The Telegraph
Thursday , February 6 , 2014
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Nadal’s making steady progress

Madrid: Rafa Nadal is recovering well from the back problem that wrecked his Australian Open final last month and plans to start training again on Thursday, in his native Mallorca, his team said on Tuesday.

World No. 1 Nadal lost to Swiss Stanislas Wawrinka in the final in Melbourne, preventing the Spaniard drawing level on 14 Grand Slam singles titles with American Pete Sampras.

Nadal had more tests in Barcelona on Monday and his team said in a statement they were “satisfactory and showed favourable progress”.

“The player began gym work on Tuesday and a decision on when he will be able to start competing again will depend on his adaptation on the court in coming days,” they added.

Nadal is due to play in a claycourt event in Buenos Aires starting on February 10, followed by a tournament in Rio de Janeiro, also on clay, and the hardcourt Masters events at Indian Wells and Miami.

Before the final of the Australian Open, it seemed that the injury jinx that had plagued him in previous years — 2006, 2010, 2011, 2013 — had finally lifted. Aside from a badly blistered and bandaged left hand, he was injury free.

That was until he got to the final — a match that Nadal was the clear favourite to win against Stanislas Wawrinka. The top-ranked Nadal had beaten Wawrinka in all 12 of their previous matches.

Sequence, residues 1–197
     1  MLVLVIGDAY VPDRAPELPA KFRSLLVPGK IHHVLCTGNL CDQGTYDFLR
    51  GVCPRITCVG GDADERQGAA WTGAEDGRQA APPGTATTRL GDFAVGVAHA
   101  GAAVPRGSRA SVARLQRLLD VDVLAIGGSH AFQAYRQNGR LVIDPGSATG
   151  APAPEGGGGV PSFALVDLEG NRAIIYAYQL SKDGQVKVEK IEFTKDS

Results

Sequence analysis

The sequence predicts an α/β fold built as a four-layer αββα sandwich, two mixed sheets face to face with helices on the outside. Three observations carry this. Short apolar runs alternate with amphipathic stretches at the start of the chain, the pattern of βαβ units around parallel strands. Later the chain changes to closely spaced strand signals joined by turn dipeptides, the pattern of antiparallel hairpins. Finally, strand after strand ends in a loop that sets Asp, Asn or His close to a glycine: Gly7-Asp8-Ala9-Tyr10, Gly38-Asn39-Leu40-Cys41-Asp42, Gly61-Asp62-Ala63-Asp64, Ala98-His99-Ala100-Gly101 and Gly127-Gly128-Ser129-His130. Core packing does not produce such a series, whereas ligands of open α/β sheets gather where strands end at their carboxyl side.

What transpired on Centre Court was one of the more unusual Grand Slam finals in recent history. Not only did Nadal lose 3-6, 2-6, 6-3, 3-6 but he was loudly booed after taking a medical time out in the second set. As he struggled and pushed the match to four sets, it became clear that the 13-time major winner had become the underdog.

When Nadal accepted his runners-up trophy, he apologised to the crowd and to Wawrinka, a friend since they were teens. “I’m sorry to finish this way,” Nadal told the crowd in the 15,000-seat Rod Laver Arena, which erupted in cheers that made him blink back tears.

“This year was one of the most emotional tournaments in my career.”

Breaking the curse in Melbourne also would have made him the first player to win each of the majors twice in the Open era.